Years of planning, fundraising and construction ended on March 24 when the City of Surprise, Ariz., in conjunction with the Surprise Sundancers and Major League Baseball’s Texas Rangers and Kansas City Royals, officially opened DreamCatcher Park--a state-of-the-art, artificial turf sports field designed to allow all populations the opportunity to play baseball and their fans to watch in the shaded comfort of stadium-style seating.
Inspired by the Miracle League--a government-approved, non-profit organization with a mission to provide opportunities for all children to play baseball regardless of their ability or disability--the new park was (and is) a hit.
“The facility is just spectacular,” says Steve Groves, Board President for the Miracle League of Arizona. “The kids are able to easily get around the bases. They are smiling and having fun. They are so excited to have the opportunity to play baseball three times a week. This facility really is the pearl of the system.”
Or, as Judy Dunn, mother of 16-year-old Samantha, says, “It is a park built for children with special needs, but it looks like any other field for any other kid. The turf is cushiony and there aren’t any holes. I feel just as proud watching Samantha as I would any other kid. We could not be more pleased.”
The park offers every baseball amenity, designed specifically with access in mind. Some accessible touches include: wheelchair-accessible stadium seating, dugouts, wider gate entrances to the field, restrooms, a concession stand and a customized playing surface designed for ease-of-use by players using walkers or wheelchairs.
Dunn said Samantha has taken new joy in the concession stand being open throughout the game. At the previous field, Samantha and the other players were unable to grab a snack or a drink during a game, but at DreamCatcher, she’s able to visit the concession stand.
“It may seem silly, but it’s important to her,” says Dunn. “They are treated like any other kid but at their own level.”
Even the fans’ needs were taken into account. The stadium-style seating is covered with custom-fitted shade structures (designed and manufactured by Sun Ports, www.sunports.com). According to the manufacturer, the shade structures are helpful in protecting fans and players from UV radiation, durable enough to withstand high winds and water, and cooling for spectators and players by allowing hot air to rise and release through the permeable fabric. The company claims this movement of air can reduce temperatures beneath the structures by as much as 30 percent.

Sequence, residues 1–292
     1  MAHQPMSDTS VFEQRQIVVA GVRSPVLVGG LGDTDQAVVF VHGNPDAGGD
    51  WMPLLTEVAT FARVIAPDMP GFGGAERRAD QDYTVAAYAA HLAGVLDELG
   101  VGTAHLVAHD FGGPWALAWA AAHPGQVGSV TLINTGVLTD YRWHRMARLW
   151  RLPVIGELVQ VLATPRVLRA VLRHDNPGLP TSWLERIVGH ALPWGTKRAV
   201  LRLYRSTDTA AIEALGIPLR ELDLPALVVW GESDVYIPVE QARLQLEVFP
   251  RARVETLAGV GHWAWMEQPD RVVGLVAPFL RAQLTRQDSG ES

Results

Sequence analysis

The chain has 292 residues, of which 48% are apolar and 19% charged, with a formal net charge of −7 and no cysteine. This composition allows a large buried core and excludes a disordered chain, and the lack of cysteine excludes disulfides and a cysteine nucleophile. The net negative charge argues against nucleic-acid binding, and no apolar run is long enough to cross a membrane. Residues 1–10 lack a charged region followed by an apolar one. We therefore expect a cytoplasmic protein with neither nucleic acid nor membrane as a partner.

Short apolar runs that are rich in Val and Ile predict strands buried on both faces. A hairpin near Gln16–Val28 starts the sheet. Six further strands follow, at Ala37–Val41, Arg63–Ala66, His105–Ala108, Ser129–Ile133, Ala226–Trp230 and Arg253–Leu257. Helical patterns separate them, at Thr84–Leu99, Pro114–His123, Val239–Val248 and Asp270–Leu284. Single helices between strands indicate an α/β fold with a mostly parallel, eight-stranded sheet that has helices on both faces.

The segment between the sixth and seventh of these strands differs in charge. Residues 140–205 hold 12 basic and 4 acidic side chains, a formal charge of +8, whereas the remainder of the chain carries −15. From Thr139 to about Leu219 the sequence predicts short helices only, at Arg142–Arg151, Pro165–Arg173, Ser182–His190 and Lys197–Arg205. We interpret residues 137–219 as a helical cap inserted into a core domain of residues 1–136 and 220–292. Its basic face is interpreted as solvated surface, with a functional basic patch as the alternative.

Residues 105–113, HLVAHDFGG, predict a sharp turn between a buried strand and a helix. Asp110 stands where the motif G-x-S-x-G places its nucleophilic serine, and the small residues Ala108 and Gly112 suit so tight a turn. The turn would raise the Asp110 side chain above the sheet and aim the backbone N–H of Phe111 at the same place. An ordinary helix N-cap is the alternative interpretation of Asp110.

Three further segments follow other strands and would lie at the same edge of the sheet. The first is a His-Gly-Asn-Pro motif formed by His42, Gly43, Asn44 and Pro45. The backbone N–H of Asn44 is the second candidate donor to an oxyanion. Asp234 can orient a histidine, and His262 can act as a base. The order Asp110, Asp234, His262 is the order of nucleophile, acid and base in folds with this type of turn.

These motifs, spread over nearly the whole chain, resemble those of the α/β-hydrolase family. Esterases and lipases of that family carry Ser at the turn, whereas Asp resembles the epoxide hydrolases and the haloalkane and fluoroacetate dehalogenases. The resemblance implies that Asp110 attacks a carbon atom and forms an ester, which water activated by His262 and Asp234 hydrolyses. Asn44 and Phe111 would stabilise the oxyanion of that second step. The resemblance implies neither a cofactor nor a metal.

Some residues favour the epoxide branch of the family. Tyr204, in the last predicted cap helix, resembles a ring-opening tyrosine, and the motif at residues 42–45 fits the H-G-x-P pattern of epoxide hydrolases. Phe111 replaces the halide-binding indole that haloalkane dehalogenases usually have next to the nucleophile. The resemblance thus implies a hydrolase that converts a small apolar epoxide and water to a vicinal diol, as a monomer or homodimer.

As Paul Frie, Recreation Manager for the City of Surprise, says, “The shade structures were pretty important because a lot of the kids are heat sensitive. Now they are allowed to be out when they wouldn’t be if we didn’t have the shades.”
And, they’re colorful, which adds to the special look and feel of the park.
Bambino Buddy Ball
The Bambino Buddy Ball League has 40 players ranging in age from five to 21 years old. The game is simple. Each player is teamed with a buddy (anyone 10 years old and older) who helps with anything from swinging the bat to running the bases.
The current crop of volunteers includes high school baseball players, police officers and everyone in between.
The game itself resembles the real thing, as it should. Each game is two innings long. Each player plays defense for one inning, and then bats and scores in the next. A typical two-inning game takes about 45 minutes. Each team spends the remaining 15 minutes taking another swing of the bat and another jog around the bases. During this session, parents and volunteers play defense.
“It’s about as awesome as it could possibly be,” says Dunn. “Samantha loves playing in the league. The turnout has been fantastic, and we appreciate the fact that she’s able to be involved in sports.”
The success of the new park continues to grow, and new leagues continue to form. Kids with disabilities can now play in a T-ball or coach-pitch division, participate in a Special Olympics soccer game, or even try their hand at track and field events.
“I’ve coached every level of baseball, and I almost feel kind of guilty about how much enjoyment I get out of this league,” says Frie. “We play three nights a week, and I would do it every night of the week if I could. You see these kids who are barely responsive, and then they get a bat in their hands and they smile and giggle and are just so happy. I just can’t even explain it.”
Heather Reichle is a freelance writer in Columbus, Ohio. She can be reached via e-mail at firstname.lastname@example.org.
For more information on the Miracle League or to see if it is available in your area, visit www.miracleleague.com.